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|Title: ||Novel sedentary behaviour measurement methods: application for self-monitoring in adults|
|Authors: ||Sanders, James P.|
|Keywords: ||Wearable technology|
|Issue Date: ||2017|
|Publisher: ||© James Patrick Sanders|
|Abstract: ||With the introduction of the technological age, increasing mechanisation has led to labour saving devices which have all-but engineered physical activity out of our lives and sedentary behaviour has now become the default behaviour during waking hours. Interventions that previously focused on improving levels of physical activity are now attempting to concurrently increase levels of physical activity and decrease time spent in sedentary behaviour. One method that has shown promise in interventions to increase physical activity and healthy eating in adults is the behaviour change technique of self-monitoring. There is now a robust set of literature indicating self-monitoring as the most promising behaviour change technique in this area. Self-monitoring is tied inherently into the recent rise in wearable technology. These new devices have the ability to track a variety of behavioural and physiological parameters and immediately make the information returnable to the user via connected mobile applications. The potential pervasive nature of these technologies and their use of robust behaviour change techniques could make them a useful tool in interventions to reduce sedentary behaviour. Therefore the overall purpose of this three study dissertation was to identify and validate technology that can self-monitor sedentary behaviour and to determine its feasibility in reducing sedentary behaviour.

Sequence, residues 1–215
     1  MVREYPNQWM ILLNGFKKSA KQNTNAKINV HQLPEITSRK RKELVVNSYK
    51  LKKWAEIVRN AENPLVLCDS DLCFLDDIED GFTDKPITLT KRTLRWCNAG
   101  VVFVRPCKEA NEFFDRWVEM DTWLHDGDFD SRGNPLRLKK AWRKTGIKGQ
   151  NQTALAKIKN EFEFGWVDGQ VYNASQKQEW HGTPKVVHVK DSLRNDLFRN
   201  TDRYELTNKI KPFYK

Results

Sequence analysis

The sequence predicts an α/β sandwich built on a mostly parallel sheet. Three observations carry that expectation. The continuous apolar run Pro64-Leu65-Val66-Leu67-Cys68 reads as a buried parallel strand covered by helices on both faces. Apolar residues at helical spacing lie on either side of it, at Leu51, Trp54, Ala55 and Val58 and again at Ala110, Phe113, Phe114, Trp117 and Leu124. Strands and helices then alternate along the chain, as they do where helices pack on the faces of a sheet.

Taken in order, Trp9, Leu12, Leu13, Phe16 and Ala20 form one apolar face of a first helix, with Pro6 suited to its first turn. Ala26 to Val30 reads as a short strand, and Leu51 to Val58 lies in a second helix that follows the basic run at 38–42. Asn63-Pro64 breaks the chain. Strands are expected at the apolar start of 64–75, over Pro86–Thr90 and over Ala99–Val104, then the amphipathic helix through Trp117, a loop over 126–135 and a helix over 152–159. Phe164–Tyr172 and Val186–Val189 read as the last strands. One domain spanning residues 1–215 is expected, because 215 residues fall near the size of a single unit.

Purpose: The aim of this study was to review the characteristics and measurement properties of currently available self-monitoring devices for sedentary behaviour and/or physical activity. Methods: To identify technologies, four scientific databases were systematically searched using key terms related to behaviour, measurement, and population. Articles published through October 2015 were identified. To identify technologies from the consumer electronic sector, systematic searches of three Internet search engines were also performed through to October 1st, 2015. Results: The initial database searches identified 46 devices and the Internet search engines identified 100 devices yielding a total of 146 technologies. Of these, 64 were further removed because they were currently unavailable for purchase or there was no evidence that they were designed for, had been used in, or could readily be modified for self-monitoring purposes. The remaining 82 technologies were included in this review (73 devices self-monitored physical activity, 9 devices self-monitored sedentary time). Of the 82 devices included, this review identified no published articles in which these devices were used for the purpose of self-monitoring physical activity and/or sedentary behaviour; however, a number of technologies were found via Internet searches that matched the criteria for self-monitoring and provided immediate feedback on physical activity (ActiGraph Link, Microsoft Band, and Garmin Vivofit) and sedentary behaviour (activPAL VT, the LumoBack, and Darma). Conclusions: There are a large number of devices that self-monitor physical activity; however, there is a greater need for the development of tools to self-monitor sedentary time. The novelty of these devices means they have yet to be used in behaviour change interventions, although the growing field of wearable technology may facilitate this to change.